“Not Amsterdam, not San Sebastián, definitely not Paris,” I repeated over Skype. “I want to work with you guys.” My intentions were clear. Having studied in environments not so well known for saxophone my entire academic life, I wasn’t about to change now. “There will always be plenty of institutionalized saxophone players to fill the educational voids between Europe and the States. I’ve fulfilled my degree duties to the M.M.” For my part, after a master course with Messieurs Lauba and Ducros in Rouffach, France last summer (for me more affectionately known as Christian and Richard), I knew where I wanted to finally polish off my saxophone studies. Bordeaux was calling.
Upon first meeting Richard four months before that time, I had been familiar with his music only through YouTube. I figured he was probably a Lauba spcialist. Of course, that is true. Ducros really is the best interpreter of Christian’s contemporary œuvres, so not surprisingly it’s also true that they work out of the same studio in Bordeaux. I knew there would be no problem getting along with Richard the first time I met him, hanging out at Le Eight pub on the line 3 bus route just at the edge of Bordeaux city limits. Musically, I was all too wary of specialty saxophone players who carried great enthusiasm for one particular style of music and a great deal of ignorance for the rest. So when I finally realized over a beer and game of billiards that we both liked Michael Brecker and had obsessed with playing fusion jazz, I was ready to jump out of my skin. Finally, a hybrid professional saxophonist who embraced Coltrane, Mintzer, Glazunov, Scelsi, and Villa-Lobos alike. In Richard, I found a kindred musical spirit who recognized that ignorance was a ticket to mediocrity. He accepts he may not live to dominate every musical style, but he happily will borrow and utilize diverse influences in his musical personality.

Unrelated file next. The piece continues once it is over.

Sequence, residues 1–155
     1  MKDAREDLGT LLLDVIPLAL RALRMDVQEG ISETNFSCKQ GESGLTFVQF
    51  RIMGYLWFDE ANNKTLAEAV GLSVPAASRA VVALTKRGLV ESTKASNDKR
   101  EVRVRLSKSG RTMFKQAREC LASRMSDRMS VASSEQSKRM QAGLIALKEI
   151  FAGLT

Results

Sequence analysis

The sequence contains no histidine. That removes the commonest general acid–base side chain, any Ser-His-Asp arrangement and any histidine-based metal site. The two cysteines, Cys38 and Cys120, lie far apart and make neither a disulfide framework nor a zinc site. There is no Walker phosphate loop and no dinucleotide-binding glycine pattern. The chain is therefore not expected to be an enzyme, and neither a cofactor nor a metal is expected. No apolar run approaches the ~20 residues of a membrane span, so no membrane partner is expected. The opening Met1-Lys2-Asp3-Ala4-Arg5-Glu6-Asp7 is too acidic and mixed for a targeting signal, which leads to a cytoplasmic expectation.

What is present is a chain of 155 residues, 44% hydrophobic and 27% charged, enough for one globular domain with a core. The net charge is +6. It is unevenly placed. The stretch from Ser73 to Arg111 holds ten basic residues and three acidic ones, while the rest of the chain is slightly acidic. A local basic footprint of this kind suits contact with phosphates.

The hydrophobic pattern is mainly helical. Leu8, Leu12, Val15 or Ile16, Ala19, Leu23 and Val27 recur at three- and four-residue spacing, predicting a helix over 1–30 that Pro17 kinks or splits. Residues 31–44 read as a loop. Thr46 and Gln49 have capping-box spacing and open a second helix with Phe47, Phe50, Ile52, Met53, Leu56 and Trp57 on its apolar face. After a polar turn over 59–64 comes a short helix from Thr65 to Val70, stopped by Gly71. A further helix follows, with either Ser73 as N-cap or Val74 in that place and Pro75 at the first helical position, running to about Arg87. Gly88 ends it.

When you walk into his studio, it looks like the typical bachelor pad. There are oranges lying around the occasional empty wine bottle set next to a half-eaten baguette and bar of dark chocolate. The table is filled with odds and ends, mostly knick-knacks. Old concert programs, an Aquitaine color-coded wine region poster, screwdrivers, bottle openers all clutter the table—the occasional CD sent from fellow musicians such as the Birdcatchers and Zzyzx Quartet tend to accumulate here as well. The dishes are always clean for some unfathomable reason. The coffee table is stacked high with MacWorld and Crutchfield magazines and the walls are filled above my head with CD’s. Brandenburg concertos, Saint-Saëns symphonies, Bill Evans, and Stan Getz are kings of music in this house. Where there is wall-space, I see an enormous promo ad from some early movie music Richard played years ago. In the main room where they work, I find Programming Linux for Dummies, full scores of the Glazunov sax concerto, an occasional music history book, and an ample collection of the Great Adventures of TinTin. At the workstation to my right, I find a couple amplifiers, an E.W.I., a keyboard hooked up to a MacBook station running Logic Pro (Richard likes to write pop music too), and a bunch of reeds with squiggle marks all over them. Clothes in the transition of going from clean to dirty or dirty to clean are draped over armchairs. Two alto saxophones are neatly packed away with one sitting out next to a bass guitar, fax machine, pogoplug web server, and wall piano. In the back room are two dressers filled with saxophone reeds. There must be thousands of them in there, saved over time to ensure the best reed with the best sound is always available—if you can find it.